Finally, my brothers and sisters, rejoice in the Lord. To write the same things to you is not troublesome to me, and for you it is a safeguard. Beware of the dogs, beware of the evil workers, beware of those who mutilate the flesh! For it is we who are the circumcision, who worship in the Spirit of God and boast in Christ Jesus and have no confidence in the flesh— even though I, too, have reason for confidence in the flesh.
If anyone else has reason to be confident in the flesh, I have more: circumcised on the eighth day, a member of the people of Israel, of the tribe of Benjamin, a Hebrew born of Hebrews; as to the law, a Pharisee; as to zeal, a persecutor of the Church; as to righteousness under the law, blameless.
Yet whatever gains I had, these I have come to regard as loss because of Christ. More than that, I regard everything as loss because of the surpassing value of knowing Christ Jesus my Lord. For his sake I have suffered the loss of all things, and I regard them as rubbish, in order that I may gain Christ and be found in him, not having a righteousness of my own that comes from the law, but one that comes through faith in Christ, the righteousness from God based on faith. I want to know Christ and the power of his resurrection and the sharing of his sufferings by becoming like him in his death, if somehow I may attain the resurrection from the dead.
He’s not a boring sort, old Paul. This short passage leaps from passionate denunciation of those who were trying to lead Christian folk back into the shackles of the Law – complete with superbly Pauline sarcasm as to his own blamelessness! – into the even more passionate heights of his devotion to Christ. This is Paul’s testimony, the meaning of his life and his one aim and focus, we may remind ourselves, as he faces death from a prison in Rome.
We have it so easy in comparison. Our worst experiences are most likely being mocked or snubbed or someone daring to say they disagree with us. And I wonder are we the poorer – and the more boring – for it? In our mild Western world with its politically correct tolerance of everyone and everything, are we all settling down to a beigey blandness?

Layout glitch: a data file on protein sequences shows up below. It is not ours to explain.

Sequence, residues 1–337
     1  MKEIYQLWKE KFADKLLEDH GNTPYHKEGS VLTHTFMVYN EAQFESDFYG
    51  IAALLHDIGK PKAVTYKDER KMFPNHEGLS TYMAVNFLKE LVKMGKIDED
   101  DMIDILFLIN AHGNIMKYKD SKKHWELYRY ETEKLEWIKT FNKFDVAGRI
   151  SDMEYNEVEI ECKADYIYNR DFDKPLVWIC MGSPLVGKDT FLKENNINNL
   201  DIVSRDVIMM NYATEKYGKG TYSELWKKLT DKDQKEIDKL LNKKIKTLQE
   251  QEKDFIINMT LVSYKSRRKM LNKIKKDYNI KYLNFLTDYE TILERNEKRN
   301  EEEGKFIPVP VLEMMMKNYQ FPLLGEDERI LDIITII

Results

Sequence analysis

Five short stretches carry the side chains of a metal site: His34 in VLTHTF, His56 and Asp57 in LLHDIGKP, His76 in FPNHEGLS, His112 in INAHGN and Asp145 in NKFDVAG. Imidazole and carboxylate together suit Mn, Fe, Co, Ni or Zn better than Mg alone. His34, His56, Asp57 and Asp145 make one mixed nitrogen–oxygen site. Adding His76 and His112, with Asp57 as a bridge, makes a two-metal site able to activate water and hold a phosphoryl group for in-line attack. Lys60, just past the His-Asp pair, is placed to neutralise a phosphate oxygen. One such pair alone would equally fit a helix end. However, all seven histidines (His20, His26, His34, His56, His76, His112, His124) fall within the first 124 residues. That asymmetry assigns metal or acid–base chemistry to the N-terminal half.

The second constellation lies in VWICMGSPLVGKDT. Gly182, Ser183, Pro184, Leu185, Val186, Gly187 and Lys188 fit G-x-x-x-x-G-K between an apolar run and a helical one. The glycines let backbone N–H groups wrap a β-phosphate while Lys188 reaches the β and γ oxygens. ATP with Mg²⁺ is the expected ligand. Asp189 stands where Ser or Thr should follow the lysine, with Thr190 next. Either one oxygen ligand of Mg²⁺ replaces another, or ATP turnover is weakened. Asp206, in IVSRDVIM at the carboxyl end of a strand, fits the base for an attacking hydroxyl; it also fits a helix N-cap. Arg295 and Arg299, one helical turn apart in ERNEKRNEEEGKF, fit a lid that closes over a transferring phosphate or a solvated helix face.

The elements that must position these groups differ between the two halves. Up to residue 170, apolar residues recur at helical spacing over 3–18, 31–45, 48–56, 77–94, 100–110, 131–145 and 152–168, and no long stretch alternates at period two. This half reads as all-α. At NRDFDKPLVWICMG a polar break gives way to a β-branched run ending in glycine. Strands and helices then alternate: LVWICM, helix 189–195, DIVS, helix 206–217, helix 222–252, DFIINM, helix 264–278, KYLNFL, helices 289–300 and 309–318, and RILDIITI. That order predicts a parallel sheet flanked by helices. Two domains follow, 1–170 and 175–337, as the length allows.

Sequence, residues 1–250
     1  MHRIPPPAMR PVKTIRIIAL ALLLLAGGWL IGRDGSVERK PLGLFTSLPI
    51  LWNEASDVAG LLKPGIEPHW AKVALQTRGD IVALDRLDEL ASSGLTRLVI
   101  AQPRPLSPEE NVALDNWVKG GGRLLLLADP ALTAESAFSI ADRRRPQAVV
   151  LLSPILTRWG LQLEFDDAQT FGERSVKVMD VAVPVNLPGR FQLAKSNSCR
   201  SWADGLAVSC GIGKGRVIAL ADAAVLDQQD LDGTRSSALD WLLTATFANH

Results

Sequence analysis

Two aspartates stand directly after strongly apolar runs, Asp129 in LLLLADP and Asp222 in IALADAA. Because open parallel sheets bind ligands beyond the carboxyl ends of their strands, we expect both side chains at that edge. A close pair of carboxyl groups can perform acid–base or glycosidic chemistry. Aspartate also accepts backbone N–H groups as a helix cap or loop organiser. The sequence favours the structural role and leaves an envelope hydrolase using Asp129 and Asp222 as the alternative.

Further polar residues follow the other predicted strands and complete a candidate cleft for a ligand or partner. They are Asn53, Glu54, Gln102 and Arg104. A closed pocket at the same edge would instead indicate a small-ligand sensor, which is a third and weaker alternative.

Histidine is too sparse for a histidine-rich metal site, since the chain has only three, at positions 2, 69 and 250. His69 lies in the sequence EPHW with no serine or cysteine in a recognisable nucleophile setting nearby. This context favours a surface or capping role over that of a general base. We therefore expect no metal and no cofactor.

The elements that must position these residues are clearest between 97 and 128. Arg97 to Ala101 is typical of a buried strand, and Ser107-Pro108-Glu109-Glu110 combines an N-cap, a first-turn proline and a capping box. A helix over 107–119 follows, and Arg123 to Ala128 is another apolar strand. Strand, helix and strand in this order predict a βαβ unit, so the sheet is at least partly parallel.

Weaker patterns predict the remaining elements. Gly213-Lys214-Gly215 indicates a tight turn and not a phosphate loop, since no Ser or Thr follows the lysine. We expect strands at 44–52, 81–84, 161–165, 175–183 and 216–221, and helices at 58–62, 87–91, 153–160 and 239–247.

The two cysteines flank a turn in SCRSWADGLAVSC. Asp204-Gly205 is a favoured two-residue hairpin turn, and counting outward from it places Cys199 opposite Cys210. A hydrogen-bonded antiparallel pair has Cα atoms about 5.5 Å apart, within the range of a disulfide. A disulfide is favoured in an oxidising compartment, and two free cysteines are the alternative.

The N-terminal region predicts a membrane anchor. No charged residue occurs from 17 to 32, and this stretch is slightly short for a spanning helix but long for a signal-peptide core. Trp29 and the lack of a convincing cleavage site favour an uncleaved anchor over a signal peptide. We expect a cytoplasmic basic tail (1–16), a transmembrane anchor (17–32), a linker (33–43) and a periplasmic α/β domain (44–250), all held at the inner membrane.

You couldn’t ever call Paul bland. I don’t think Jesus comes across as bland either, especially when he confronts corruption and exploitation. And the God of the Old Testament certainly doesn’t hold back when he speaks his mind – and his judgment – against human wickedness.
There’s plenty for modern-day Christians to speak out about. But are we – unlike Paul – afraid of what we might lose? What would the church look like if we were to take a leaf out of Paul’s book and call all our qualifications and advantages and status, all our traditions and privileges ‘rubbish’ for Christ?
Open our eyes, Lord Jesus,
to what is real and true and to what is rubbish
in your eternal scheme of things.
Open our hands to let go of the rubbish.
Open our hearts to receive the real and true,
and then light-hearted, unburdened by the rubbish,
send us out to share your love,
happy to be your servants in your world. Amen.
Dorothy Courtis, lay preacher and member, Thurso United Reformed Church